I will begin working on a couple of series of posts in the upcoming weeks, one focusing on cynicism (the topic addressed in Faith Without Illusions) and the other focusing on my impending move to England for PhD work. This is the first post under the new series on cynicism.
Disillusionment thrusts us into cynicism. When our tidy, idealistic impressions slowly erode away or suffer a violent explosion, then we find ourselves disillusioned, our feet jutting up heavenward by the ripping up of the carpet on which we once cheerily stood. Disillusionment jars us, disorients us, and hurts us. When these spiritual and emotional wounds fail to heal, they sour into bitterness.
Cynicism is a sickness.
And it is an epidemic. Cynicism toward God and the church is rampant because the in-house wounds are so widespread. Sadly, there is very little balm offered for healing.
But even though disillusionment hurts, it is also a gift. “Dis-illusionment” is the dispersal of illusions. Christians are called to embrace truth at all costs. We are not permitted to enjoy the delights of empty illusions and false dreams. In many Western contexts, we could use a good dose of disillusionment.
Bonhoeffer would agree. In my view, his Life Together is the best book out there on community. Early in the book he actually calls Christians to become disillusioned with each other (and themselves):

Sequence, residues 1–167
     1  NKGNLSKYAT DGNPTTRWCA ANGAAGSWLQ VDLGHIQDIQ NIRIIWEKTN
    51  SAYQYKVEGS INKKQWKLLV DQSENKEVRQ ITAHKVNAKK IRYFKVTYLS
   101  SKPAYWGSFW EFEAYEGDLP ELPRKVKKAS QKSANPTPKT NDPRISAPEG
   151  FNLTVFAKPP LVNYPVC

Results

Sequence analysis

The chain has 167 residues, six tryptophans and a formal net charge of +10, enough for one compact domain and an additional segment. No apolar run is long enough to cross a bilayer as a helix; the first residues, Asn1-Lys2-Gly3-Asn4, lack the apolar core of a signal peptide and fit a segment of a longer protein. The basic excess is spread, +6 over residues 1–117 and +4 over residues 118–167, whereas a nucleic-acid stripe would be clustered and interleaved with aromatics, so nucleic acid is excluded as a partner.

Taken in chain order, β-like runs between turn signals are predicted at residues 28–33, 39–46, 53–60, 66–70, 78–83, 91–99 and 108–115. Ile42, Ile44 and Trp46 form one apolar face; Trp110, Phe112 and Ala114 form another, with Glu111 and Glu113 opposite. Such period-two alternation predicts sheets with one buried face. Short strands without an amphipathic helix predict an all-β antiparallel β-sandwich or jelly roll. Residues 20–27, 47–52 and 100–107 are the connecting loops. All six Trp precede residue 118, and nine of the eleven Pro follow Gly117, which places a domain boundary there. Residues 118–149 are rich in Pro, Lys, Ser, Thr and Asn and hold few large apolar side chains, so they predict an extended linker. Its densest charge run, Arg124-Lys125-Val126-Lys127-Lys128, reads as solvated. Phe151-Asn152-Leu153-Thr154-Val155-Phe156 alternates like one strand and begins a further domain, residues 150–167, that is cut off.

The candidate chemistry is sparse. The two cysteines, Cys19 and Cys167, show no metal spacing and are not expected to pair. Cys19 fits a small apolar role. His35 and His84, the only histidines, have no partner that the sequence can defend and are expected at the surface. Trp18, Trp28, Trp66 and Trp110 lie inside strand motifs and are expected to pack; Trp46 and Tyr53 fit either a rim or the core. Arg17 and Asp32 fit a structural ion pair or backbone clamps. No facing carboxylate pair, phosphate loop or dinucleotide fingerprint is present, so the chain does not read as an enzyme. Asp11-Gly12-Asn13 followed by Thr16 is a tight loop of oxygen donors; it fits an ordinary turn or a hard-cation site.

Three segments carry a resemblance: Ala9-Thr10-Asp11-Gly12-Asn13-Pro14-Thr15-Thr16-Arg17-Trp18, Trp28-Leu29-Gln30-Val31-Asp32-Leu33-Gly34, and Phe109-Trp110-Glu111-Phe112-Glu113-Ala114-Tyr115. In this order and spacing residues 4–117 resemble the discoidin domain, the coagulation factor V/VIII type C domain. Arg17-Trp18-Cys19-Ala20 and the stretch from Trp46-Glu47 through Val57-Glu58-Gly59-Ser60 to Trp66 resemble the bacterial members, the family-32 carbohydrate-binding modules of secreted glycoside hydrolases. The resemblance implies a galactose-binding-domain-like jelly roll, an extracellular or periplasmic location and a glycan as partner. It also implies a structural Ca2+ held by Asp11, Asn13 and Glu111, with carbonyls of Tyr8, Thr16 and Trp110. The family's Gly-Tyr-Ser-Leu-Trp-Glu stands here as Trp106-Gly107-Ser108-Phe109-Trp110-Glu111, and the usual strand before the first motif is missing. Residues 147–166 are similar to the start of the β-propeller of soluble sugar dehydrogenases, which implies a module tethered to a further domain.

“Just as surely as God desires to lead us to a knowledge of genuine Christian fellowship, so surely must we be overwhelmed by a great disillusionment with others, with Christians in general, and with ourselves…. Only that fellowship which faces such disillusionment, with all its unhappy and ugly aspects, begins to be what it should be in God’s sight, begins to grasp in faith the promise that is given to it. The sooner this shock of disillusionment comes to an individual and to a community the better for both.” [i]
[i] Dietrich Bonhoeffer, Life Together: The Classic Exploration of Christian Community (tr. John W. Doberstein; New York: HarperCollins, 1954), 26-27. After citing this in Faith Without Illusions, I noticed that Dick Keyes cites from the same passage in Dick Keyes, Seeing Through Cynicism: A Reconsideration of the Power of Suspicion (Downers Grove, IL: InterVarsity Press, 2006), 203.